It is a chronic neurovascular disorder that causes red, thickened, inflamed skin. Characteristics include telangestasia, or broken blood vessels, and pustules, which is why the condition is often mistaken for acne. Rosacea usually occurs on the face, but may also affect the neck and upper chest. A physician will diagnose rosacea by checking the skin, eyes and chest for symptoms. It is helpful to know when the symptoms first occurred and how often they take place.
Rosacea manifests in stages. Early signs normally begin by the age of 20–30, with recurring episodes of blushing that eventually become persistent dark red erythema, mainly in the nose and cheeks. The condition may evolve into papules (small red bumps), pustules, burning and soreness in the eyes and eyelids, burning and stinging sensations on the skin and, in some more extreme cases, red, knobby bumps on the nose and cheeks.
It is not entirely known what causes rosacea, but it is carried on genetically and is most common in fair-skinned individuals, occurring more often in women than men. Rosacea flareups are usually triggered by external factors that cause blood vessels to dilate, such as alcohol use, sun exposure, stress and spicy foods. The leading factors of rosacea include the following.
- Vascular endothelial growth factor (VEGE). VEGE is the creation of blood vessels caused by heat and sun exposure, and it may cause spider veins.
- Demodex. People who suffer from rosacea are more susceptible to mites known as Demodex. The bacterial flora that live on mites causes rosacea by secreting the enzyme that helps to eat food from the skin.
- Lipase. Lipase is an irritating enzyme that helps breakdown lipids. The Demodex mites secrete this enzyme resulting in irritation and redness.
Although there is no cure for rosacea, there is treatment. As an esthetician, it is a good idea to work with a dermatologist when treating more severe cases of rosacea. A physician can prescribe medications, including antibiotic creams and pills, to address redness, pimples and eye problems. Red bumps on the nose normally do not respond well to antibiotics. Isotretinoin and tretinoin can be prescribed, as well as other topical medications that are used to treat acne. Surgery, such as dermabrasion, cryosurgery and laser surgery, can help treat the cosmetic effects of advanced rosacea.
Additionally, there are steps to take to help prevent initial rosacea flareups. Identifying your clients’ triggers is extremely important, and avoiding the catalysts will help prevent the results. See Common Rosacea Triggers.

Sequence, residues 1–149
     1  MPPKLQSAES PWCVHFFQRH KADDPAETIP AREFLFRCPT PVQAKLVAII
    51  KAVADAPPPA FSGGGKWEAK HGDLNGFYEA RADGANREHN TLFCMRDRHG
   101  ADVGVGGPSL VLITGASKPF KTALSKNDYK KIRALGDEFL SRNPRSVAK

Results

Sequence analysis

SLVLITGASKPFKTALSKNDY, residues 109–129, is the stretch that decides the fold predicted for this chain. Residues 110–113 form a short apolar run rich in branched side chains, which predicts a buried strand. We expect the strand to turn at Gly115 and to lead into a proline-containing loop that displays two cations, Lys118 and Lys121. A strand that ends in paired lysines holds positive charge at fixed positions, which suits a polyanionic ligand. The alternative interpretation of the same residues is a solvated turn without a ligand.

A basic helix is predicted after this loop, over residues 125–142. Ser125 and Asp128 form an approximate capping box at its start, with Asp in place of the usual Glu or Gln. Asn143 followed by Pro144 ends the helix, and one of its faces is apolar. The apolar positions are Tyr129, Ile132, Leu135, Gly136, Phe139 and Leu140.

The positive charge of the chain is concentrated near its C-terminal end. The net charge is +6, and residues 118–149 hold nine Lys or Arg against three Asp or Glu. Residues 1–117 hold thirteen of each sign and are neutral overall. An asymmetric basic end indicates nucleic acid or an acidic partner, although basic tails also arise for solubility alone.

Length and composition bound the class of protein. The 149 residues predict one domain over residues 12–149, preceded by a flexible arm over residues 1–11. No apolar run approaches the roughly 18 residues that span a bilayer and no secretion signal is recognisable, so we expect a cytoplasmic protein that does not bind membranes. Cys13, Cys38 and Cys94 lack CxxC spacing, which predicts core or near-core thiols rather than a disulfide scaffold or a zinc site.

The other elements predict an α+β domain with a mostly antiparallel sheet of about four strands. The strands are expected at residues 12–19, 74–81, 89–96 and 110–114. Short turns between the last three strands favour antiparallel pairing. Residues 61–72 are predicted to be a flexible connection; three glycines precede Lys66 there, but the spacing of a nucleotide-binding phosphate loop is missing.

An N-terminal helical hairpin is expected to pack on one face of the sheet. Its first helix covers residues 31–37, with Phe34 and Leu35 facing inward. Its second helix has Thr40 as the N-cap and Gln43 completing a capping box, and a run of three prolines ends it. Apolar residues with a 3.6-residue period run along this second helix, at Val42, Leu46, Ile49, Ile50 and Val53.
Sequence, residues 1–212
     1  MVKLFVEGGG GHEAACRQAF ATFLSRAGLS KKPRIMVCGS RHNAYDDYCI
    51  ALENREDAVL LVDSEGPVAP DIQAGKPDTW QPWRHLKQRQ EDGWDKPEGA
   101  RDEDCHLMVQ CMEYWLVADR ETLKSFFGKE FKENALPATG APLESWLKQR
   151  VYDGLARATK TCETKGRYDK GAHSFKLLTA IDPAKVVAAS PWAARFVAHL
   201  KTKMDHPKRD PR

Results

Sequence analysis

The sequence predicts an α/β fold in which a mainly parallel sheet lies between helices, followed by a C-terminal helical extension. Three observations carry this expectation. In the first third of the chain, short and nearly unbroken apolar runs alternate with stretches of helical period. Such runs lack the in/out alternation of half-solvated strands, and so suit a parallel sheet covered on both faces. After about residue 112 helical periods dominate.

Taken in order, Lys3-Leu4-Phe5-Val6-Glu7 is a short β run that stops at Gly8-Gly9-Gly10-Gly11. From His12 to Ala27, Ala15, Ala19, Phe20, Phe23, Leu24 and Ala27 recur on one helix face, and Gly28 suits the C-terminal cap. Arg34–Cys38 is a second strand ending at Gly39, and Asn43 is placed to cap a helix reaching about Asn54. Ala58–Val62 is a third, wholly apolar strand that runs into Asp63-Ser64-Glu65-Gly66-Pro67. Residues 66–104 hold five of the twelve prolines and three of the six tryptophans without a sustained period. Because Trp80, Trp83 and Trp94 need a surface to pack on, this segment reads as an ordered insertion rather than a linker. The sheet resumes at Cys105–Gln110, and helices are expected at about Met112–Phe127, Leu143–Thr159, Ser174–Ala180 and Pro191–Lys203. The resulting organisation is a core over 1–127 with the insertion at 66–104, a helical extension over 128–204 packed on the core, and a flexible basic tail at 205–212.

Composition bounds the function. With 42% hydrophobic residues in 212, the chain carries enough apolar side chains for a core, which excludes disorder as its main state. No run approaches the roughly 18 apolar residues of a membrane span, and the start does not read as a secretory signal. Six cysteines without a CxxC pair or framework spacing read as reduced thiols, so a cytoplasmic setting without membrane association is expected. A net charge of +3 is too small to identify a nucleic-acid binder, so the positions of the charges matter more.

In addition to consulting with a physician, estheticians can practice the following precautions when working with clients who suffer from rosacea:
- Avoid heat, steam and sunlight.
- Avoid vasodilators and irritants.
- Avoid stimulating massage movements.
- Avoid flushing and blushing agents, such as AHAs and retinol.
- Introduce nonsteroidal anti-inflammatories, such as chamomile and tea blends.
- Limit ingredients and use the same line.
- Choose multifunctional products.
- Recommend sunscreen with a physical barrier, such as titanium and zinc.
- Use cooling treatments, such as freeze-dried facials, cold compresses and cool mists.
In addition to these techniques, it is important to provide gentle, cooling treatments. Try using an atomizer with a few drops of an antioxidant-rich toner for a cooling mist that’s very hydrating and soothing for clients. Implement lymphatic massage to reduce swelling and inflammation in order to detoxify and purify the skin. Apply light effleurage movements, and avoid unnecessary massage and rubbing of the face.
Remember, when it comes to skin care, the most important steps are to provide consultation, diagnosis and recommendation of treatment and at-home care.
1. N Singer, Face it Princess, Your Skin is Probably Quite Common. New York Times, Oct 13, 2005
C Sweeney, In a Perfect World, Rosacea Remains a Problem. New York Times, April 24, 2008
G Plewig and A Klingman, Acne and Rosacea, 2nd completely revised and enlarged edition. Springer-Verlag, New York,1993